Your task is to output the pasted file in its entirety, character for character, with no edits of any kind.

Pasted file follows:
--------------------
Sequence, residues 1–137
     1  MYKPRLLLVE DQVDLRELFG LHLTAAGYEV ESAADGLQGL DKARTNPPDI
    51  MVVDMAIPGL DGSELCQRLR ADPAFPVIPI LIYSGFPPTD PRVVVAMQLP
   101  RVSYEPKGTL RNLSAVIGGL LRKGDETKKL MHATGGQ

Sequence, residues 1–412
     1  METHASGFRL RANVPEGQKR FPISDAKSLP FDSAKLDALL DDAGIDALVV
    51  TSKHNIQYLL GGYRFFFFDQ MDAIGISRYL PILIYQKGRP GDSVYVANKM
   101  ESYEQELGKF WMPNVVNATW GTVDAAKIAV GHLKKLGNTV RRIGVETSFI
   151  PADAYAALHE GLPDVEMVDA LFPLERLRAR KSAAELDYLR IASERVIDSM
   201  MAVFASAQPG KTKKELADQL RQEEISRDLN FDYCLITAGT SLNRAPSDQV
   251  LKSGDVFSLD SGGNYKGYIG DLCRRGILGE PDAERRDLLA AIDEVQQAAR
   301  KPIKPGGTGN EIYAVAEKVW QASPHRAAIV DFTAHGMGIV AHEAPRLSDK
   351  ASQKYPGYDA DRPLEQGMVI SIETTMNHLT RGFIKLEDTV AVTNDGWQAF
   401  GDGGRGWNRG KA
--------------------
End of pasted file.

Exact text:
Sequence, residues 1–137
     1  MYKPRLLLVE DQVDLRELFG LHLTAAGYEV ESAADGLQGL DKARTNPPDI
    51  MVVDMAIPGL DGSELCQRLR ADPAFPVIPI LIYSGFPPTD PRVVVAMQLP
   101  RVSYEPKGTL RNLSAVIGGL LRKGDETKKL MHATGGQ

Sequence, residues 1–412
     1  METHASGFRL RANVPEGQKR FPISDAKSLP FDSAKLDALL DDAGIDALVV
    51  TSKHNIQYLL GGYRFFFFDQ MDAIGISRYL PILIYQKGRP GDSVYVANKM
   101  ESYEQELGKF WMPNVVNATW GTVDAAKIAV GHLKKLGNTV RRIGVETSFI
   151  PADAYAALHE GLPDVEMVDA LFPLERLRAR KSAAELDYLR IASERVIDSM
   201  MAVFASAQPG KTKKELADQL RQEEISRDLN FDYCLITAGT SLNRAPSDQV
   251  LKSGDVFSLD SGGNYKGYIG DLCRRGILGE PDAERRDLLA AIDEVQQAAR
   301  KPIKPGGTGN EIYAVAEKVW QASPHRAAIV DFTAHGMGIV AHEAPRLSDK
   351  ASQKYPGYDA DRPLEQGMVI SIETTMNHLT RGFIKLEDTV AVTNDGWQAF
   401  GDGGRGWNRG KA